1 12 8 2256 14 28 17 7 52 16 48 68 3 26 29 53 55 45

25

28

28

17

1

6

2

2

12

14

Analysis Of Algorithms Trees-II


Trees ii

Tree

….. Constructing a B-tree …..

7, 52, 16, 48 get added to the leaf nodes

8

17

1 12 8 2256 14 28 17 7 52 16 48 68 3 26 29 53 55 45

7

25

28

48

52

6

1

2

12

14

16

Analysis Of Algorithms Trees-II


Constructing a b tree3

Tree

….. Constructing a B-tree …..

Adding 68 causes us to split the right most leaf, promoting 48 to the root

1 12 8 2256 14 28 17 7 52 16 48 68 3 26 29 53 55 45

8

17

52

7

48

6

28

2

25

68

1

16

14

12

Analysis Of Algorithms Trees-II


Constructing a b tree4

Tree

….. Constructing a B-tree …..

Adding 3 causes us to split the left most leaf

48

17

8

1 12 8 2256 14 28 17 7 52 16 48 68 3 26 29 53 55 45

7

7

16

14

12

6

2

3

1

25

28

52

68

Analysis Of Algorithms Trees-II


Constructing a b tree5

Tree

….. Constructing a B-tree …..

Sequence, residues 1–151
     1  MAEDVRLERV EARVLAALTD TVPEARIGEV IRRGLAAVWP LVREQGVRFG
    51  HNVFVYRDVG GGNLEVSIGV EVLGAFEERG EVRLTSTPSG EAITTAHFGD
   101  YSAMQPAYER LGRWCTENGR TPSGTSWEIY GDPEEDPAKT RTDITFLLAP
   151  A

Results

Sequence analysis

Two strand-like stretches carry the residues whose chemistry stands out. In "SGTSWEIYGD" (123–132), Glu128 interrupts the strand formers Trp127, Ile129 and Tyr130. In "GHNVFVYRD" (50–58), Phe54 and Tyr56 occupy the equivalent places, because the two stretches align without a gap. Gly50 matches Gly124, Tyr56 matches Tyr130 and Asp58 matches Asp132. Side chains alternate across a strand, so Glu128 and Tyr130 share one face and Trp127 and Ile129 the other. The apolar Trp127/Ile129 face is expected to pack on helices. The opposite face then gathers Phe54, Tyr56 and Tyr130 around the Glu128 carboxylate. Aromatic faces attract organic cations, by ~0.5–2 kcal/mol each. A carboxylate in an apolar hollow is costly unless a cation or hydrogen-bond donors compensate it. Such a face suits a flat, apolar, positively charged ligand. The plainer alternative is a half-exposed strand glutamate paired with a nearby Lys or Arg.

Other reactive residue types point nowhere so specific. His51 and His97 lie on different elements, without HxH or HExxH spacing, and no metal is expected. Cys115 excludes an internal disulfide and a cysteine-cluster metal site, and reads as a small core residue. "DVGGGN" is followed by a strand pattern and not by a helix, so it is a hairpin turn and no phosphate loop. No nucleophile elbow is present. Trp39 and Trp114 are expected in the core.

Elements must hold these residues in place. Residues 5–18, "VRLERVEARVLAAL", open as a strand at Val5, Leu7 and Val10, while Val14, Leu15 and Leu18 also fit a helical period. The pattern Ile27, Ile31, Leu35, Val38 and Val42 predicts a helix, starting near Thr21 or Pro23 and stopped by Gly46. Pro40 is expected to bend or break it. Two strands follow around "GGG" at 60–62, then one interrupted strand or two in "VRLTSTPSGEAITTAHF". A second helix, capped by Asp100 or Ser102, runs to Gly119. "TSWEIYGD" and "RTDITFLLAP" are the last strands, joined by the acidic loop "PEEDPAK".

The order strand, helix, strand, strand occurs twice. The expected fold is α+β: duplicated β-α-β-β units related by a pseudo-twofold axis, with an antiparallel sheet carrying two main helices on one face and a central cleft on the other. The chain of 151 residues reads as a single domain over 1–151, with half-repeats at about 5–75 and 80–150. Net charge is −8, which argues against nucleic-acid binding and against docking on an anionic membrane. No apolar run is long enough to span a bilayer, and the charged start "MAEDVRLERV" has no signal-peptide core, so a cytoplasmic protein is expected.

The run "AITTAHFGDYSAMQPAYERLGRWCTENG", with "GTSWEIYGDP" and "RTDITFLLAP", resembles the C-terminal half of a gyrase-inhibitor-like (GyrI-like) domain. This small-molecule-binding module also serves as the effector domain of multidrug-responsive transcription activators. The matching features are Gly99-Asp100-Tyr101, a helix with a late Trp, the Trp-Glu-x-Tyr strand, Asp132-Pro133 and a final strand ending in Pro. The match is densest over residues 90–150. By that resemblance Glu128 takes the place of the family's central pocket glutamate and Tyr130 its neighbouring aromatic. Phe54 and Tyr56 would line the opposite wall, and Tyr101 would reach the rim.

Add 26, 29, 53, 55 then go into the leaves

48

17

8

3

1 12 8 2256 14 28 17 7 52 16 48 68 3 26 29 53 55 45

16

14

12

1

2

6

7

25

28

52

68

55

26

53

29

Analysis Of Algorithms Trees-II


Constructing a b tree6

Tree

….. Constructing a B-tree …..

Add 45 increases the trees level

Exceeds Order. Promote middle and split.

1 12 8 2256 14 28 17 7 52 16 48 68 3 26 29 53 55 45

Exceeds Order. Promote middle and split.

48

17

8

3

16

29

14

28

45

68

12

26

55

25

53

52

1

2

6

7

Analysis Of Algorithms Trees-II


Inserting into a b tree

Tree

Inserting into a B-Tree

  • Attempt to insert the new key into a leaf

  • If this would result in that leaf becoming too big, split the leaf into two, promoting the middle key to the leaf’s parent

  • If this would result in the parent becoming too big, split the parent into two, promoting the middle key

  • This strategy might have to be repeated all the way to the top

  • If necessary, the root is split in two and the middle key is promoted to a new root, making the tree one level higher

Analysis Of Algorithms Trees-II